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issuing a fraudulent letter, claiming she observed the copying of Obama’s birth certificate, or was silent when she had a duty to speak; and (2) Onaka aided and abetted Obama and covered up the fact that Obama used a forged birth certificate because he knew that the document was a forgery and failed to speak when he allegedly had a duty to do so. See id. at 32. In addition to being absolutely false and preposterous, these allegations are, at best, legal conclusions and fail to satisfy Twombly and Iqbal. Additionally, because the Plaintiffs allege fraud in the context of RICO, they are required to comply with the heightened pleading requirements of Rule 9 of the Federal Rules of Civil Procedure. Specifically, Rule 9(b) makes it clear that “[p]leading the elements of fraud with particularity requires a plaintiff to specify ‘time, place and contents of the false representations, as well as the identity of the person making the misrepresentation and what [that person] obtained thereby.” See Alpert, 2007 U.S. Dist. LEXIS 22950, at *52 (citing Williams v. WMX Techs., Inc., 112 F.3d 175, 177 (5th Cir. 1997)). Contrary to the Plaintiffs’ statement in their Opposition that Rule 9 does not require them to specifically plead what the Defendants obtained by allegedly engaging in fraud, the Fifth Circuit has made it abundantly clear that such pleading is required. Although such language is not specifically addressed in the text of Rule 9 of the Federal Rules of Civil Procedure, the Fifth Circuit’s pleading requirements and interpretation of the Federal Rules of Civil Procedure are binding in all courts within the circuit. Because the Plaintiffs failed to plead fraud under RICO with the required particularity, they have failed to state a claim for relief and their claims should be dismissed. In light of the foregoing, it is clear that the Plaintiffs have failed to state a claim for relief against the Defendants because: (1) the Defendants are immune from civil RICO liability as they have been sued in their official capacities as employees of the State of Hawaii; (2) the Plaintiffs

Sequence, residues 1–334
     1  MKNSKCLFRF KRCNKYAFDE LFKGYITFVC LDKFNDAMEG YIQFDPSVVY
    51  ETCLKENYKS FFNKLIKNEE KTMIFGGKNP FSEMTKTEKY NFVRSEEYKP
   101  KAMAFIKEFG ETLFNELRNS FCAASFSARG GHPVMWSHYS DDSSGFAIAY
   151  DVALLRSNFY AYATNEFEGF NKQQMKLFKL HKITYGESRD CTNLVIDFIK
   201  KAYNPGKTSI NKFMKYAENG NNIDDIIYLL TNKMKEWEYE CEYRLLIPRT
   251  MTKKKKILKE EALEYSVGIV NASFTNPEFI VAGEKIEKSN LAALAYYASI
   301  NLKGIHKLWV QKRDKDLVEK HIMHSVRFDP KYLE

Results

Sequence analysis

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have failed to provide a sufficient factual basis for their allegations under the principles set forth in Twombly and Iqbal; and (3) the Plaintiffs have failed to plead fraud with the particularity required by Rule 9 of the Federal Rules of Civil Procedure and the Fifth Circuit. Therefore, the Plaintiffs RICO claims fail and must be dismissed. As previously discussed, because the

Plaintiffs have failed to state a claim for relief under RICO, Fuddy and Onaka are not proper RICO Defendants. As such, the Plaintiffs are not permitted to rely on the jurisdictional It follows, then, that

provisions of RICO for this Court to exercise personal jurisdiction.

traditional analysis of minimum contacts with the State of Mississippi is the only available basis for the exercise of personal jurisdiction. As the Defendants’ Motion to Dismiss and the